A bell rings.
              And after dinner there are lessons.


              1 hoop wcFx9     
              • The child was rolling a hoop.那個孩子在滾鐵環。
              • The wooden tub is fitted with the iron hoop.木盆都用鐵箍箍緊。
              2 hoops 528662bd801600a928e199785550b059     
              n.箍( hoop的名詞復數 );(籃球)籃圈;(舊時兒童玩的)大環子;(兩端埋在地里的)小鐵弓
              • a barrel bound with iron hoops 用鐵箍箍緊的桶
              • Hoops in Paris were wider this season and skirts were shorter. 在巴黎,這個季節的裙圈比較寬大,裙裾卻短一些。 來自飄(部分)
              3 willow bMFz6     
              • The river was sparsely lined with willow trees.河邊疏疏落落有幾棵柳樹。
              • The willow's shadow falls on the lake.垂柳的影子倒映在湖面上。
              4 cleaving 10a0d7bd73d8d5ca438c5583fa0c7c22     
              v.劈開,剁開,割開( cleave的現在分詞 )
              • The freighter carrying pig iron is cleaving through the water. 裝著生鐵的貨船正在破浪前進。 來自辭典例句
              • IL-10-cDNA fragment was obtained through cleaving pUC-T-IL-10cDNA by reconstriction enzymes. 結果:pcDNA3.1-IL-10酶切鑒定的電泳結果顯示,pcDNA3.1-IL-10質粒有一個560bp左右的插入片斷,大小和IL-10cDNA大致符合。 來自互聯網
              5 gravel s6hyT     
              • We bought six bags of gravel for the garden path.我們購買了六袋碎石用來鋪花園的小路。
              • More gravel is needed to fill the hollow in the drive.需要更多的礫石來填平車道上的坑洼。
              6 crunches 4712ffca3e3e2b512bff28945bcb905b     
              n.(突發的)不足( crunch的名詞復數 );需要做出重要決策的困難時刻;緊要關頭;嘎吱的響聲v.嘎吱嘎吱地咬嚼( crunch的第三人稱單數 );嘎吱作響;(快速大量地)處理信息;數字搗弄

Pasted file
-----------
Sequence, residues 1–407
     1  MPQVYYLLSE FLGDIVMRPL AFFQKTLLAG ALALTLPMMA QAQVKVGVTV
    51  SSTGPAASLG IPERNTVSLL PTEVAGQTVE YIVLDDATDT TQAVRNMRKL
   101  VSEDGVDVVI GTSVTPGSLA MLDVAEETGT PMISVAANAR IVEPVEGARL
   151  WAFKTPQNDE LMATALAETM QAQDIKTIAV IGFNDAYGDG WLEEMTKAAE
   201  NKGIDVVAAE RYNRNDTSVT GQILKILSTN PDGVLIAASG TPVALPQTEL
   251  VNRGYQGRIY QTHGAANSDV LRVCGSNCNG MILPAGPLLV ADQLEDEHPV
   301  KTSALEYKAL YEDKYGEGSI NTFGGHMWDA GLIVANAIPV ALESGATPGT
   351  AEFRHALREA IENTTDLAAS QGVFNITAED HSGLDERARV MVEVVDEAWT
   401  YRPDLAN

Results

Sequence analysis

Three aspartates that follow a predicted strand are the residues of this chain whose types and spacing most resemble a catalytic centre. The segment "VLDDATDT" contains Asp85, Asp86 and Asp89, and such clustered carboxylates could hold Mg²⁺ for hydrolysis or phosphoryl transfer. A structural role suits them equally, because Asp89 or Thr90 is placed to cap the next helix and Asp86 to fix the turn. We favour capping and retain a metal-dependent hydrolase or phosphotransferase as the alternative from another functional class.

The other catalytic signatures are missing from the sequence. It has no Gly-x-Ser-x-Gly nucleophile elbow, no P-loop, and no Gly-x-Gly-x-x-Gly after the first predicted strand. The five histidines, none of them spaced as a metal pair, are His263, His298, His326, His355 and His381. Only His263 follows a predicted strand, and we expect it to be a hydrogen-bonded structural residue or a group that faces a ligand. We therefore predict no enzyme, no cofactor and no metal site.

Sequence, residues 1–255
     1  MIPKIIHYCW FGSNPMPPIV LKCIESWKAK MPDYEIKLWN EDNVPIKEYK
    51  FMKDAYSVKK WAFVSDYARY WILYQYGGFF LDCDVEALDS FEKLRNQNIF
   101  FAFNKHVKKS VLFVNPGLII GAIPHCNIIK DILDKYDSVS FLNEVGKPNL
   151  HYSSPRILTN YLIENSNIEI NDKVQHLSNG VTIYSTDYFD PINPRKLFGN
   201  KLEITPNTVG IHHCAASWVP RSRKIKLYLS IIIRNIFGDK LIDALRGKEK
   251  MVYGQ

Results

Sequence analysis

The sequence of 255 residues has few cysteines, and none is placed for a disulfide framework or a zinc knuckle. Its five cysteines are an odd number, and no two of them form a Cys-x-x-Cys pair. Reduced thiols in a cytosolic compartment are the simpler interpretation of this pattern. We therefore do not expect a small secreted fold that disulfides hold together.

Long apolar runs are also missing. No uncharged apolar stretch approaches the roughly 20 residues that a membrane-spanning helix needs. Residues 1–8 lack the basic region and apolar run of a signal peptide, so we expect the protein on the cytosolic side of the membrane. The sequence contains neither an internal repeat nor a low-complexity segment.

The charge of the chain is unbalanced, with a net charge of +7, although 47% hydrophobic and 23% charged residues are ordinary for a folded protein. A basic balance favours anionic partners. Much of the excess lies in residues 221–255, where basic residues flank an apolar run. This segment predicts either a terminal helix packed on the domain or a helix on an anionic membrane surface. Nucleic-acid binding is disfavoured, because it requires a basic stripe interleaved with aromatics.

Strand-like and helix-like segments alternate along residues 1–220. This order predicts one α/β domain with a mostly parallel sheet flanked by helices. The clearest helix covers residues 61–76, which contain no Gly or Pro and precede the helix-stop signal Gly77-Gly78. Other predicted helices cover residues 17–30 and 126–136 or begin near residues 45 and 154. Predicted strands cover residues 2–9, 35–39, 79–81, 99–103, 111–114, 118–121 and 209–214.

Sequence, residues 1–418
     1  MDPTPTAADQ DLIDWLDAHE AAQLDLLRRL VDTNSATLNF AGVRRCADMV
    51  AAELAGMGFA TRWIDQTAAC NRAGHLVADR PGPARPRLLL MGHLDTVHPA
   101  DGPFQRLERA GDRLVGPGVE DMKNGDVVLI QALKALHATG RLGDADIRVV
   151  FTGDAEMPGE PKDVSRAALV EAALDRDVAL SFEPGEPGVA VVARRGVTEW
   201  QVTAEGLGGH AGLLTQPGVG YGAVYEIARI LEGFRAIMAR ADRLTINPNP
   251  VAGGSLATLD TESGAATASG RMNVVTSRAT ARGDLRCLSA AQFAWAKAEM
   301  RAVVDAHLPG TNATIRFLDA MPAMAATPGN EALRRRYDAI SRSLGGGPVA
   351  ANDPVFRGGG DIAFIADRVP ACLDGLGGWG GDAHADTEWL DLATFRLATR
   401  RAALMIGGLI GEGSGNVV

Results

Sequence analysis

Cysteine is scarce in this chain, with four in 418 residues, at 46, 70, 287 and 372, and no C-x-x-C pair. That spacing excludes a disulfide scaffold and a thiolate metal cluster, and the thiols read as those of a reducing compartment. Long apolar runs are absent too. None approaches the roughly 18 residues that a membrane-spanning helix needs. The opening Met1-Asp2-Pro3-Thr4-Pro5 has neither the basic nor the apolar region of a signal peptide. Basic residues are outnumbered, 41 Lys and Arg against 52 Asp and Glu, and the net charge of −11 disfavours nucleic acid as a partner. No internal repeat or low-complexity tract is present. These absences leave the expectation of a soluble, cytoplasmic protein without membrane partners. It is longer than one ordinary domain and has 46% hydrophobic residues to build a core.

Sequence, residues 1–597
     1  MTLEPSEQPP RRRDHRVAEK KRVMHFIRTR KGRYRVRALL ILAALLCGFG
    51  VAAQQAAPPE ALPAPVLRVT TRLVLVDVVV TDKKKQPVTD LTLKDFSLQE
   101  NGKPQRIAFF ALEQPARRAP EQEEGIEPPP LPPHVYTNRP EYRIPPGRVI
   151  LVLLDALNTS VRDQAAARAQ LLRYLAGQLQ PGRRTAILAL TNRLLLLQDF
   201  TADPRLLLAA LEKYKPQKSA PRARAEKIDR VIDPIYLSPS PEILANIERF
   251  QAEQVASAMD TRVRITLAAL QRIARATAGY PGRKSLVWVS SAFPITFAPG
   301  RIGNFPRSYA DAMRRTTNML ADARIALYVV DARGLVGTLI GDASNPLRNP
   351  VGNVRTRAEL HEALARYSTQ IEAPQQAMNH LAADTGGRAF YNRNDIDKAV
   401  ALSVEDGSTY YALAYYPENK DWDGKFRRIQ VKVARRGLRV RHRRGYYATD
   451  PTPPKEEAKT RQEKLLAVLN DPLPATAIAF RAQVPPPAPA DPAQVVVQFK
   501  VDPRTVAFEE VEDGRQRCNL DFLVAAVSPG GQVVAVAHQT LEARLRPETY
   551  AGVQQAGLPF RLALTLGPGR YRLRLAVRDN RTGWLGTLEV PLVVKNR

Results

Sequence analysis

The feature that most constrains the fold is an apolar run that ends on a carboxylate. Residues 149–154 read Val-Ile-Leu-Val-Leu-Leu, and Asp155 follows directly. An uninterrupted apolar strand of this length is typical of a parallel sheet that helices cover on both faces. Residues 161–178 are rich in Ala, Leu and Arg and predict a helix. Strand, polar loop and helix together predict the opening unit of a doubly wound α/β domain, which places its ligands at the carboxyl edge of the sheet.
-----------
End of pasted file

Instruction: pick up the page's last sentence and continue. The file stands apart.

• I can't bear the way she crunches the sugar. 我簡直看不慣她嚼糖的那副樣子。 來自辭典例句
              • Crunches with a twisting motion (to hit obliques) are excellent. 做仰臥起坐時加上轉體動作更好。 來自互聯網
              7 squeaks c0a1b34e42c672513071d8eeca8c1186     
              n.短促的尖叫聲,吱吱聲( squeak的名詞復數 )v.短促地尖叫( squeak的第三人稱單數 );吱吱叫;告密;充當告密者
              • The upper-middle-classes communicate with each other in inaudible squeaks, like bats. 那些上中層社會的人交談起來象是蚊子在哼哼,你根本聽不見。 來自辭典例句
              • She always squeaks out her ideas when she is excited. 她一激動總是尖聲說出自己的想法。 來自互聯網
              8 pebble c3Rzo     
              • The bird mistook the pebble for egg and tried to hatch it.這只鳥錯把卵石當蛋,想去孵它。
              • The pebble made a ripple on the surface of the lake.石子在湖面上激起一個漣漪。
              9 touching sg6zQ9     
              • It was a touching sight.這是一幅動人的景象。
              • His letter was touching.他的信很感人。
              10 crunching crunching     
              v.嘎吱嘎吱地咬嚼( crunch的現在分詞 );嘎吱作響;(快速大量地)處理信息;數字搗弄
              • The horses were crunching their straw at their manger. 這些馬在嘎吱嘎吱地吃槽里的草。 來自《簡明英漢詞典》
              • The dog was crunching a bone. 狗正嘎吱嘎吱地嚼骨頭。 來自《簡明英漢詞典》
              11 scattering 91b52389e84f945a976e96cd577a4e0c     
              • The child felle into a rage and began scattering its toys about. 這孩子突發狂怒,把玩具扔得滿地都是。 來自《簡明英漢詞典》
              • The farmers are scattering seed. 農夫們在播種。 來自《簡明英漢詞典》
              12 petals f346ae24f5b5778ae3e2317a33cd8d9b     
              n.花瓣( petal的名詞復數 )
              • white petals tinged with blue 略帶藍色的白花瓣
              • The petals of many flowers expand in the sunshine. 許多花瓣在陽光下開放。 來自《現代英漢綜合大詞典》
              13 swirl cgcyu     
              • The car raced roughly along in a swirl of pink dust.汽車在一股粉紅色塵土的漩渦中顛簸著快速前進。
              • You could lie up there,watching the flakes swirl past.你可以躺在那兒,看著雪花飄飄。
              14 perfectly 8Mzxb     
              • The witnesses were each perfectly certain of what they said.證人們個個對自己所說的話十分肯定。
              • Everything that we're doing is all perfectly above board.我們做的每件事情都是光明正大的。
              15 scents 9d41e056b814c700bf06c9870b09a332     
              n.香水( scent的名詞復數 );氣味;(動物的)臭跡;(尤指狗的)嗅覺
              • The air was fragrant with scents from the sea and the hills. 空氣中蕩漾著山和海的芬芳氣息。
              • The winds came down with scents of the grass and wild flowers. 微風送來陣陣青草和野花的香氣。 來自《簡明英漢詞典》
              16 grasshopper ufqxG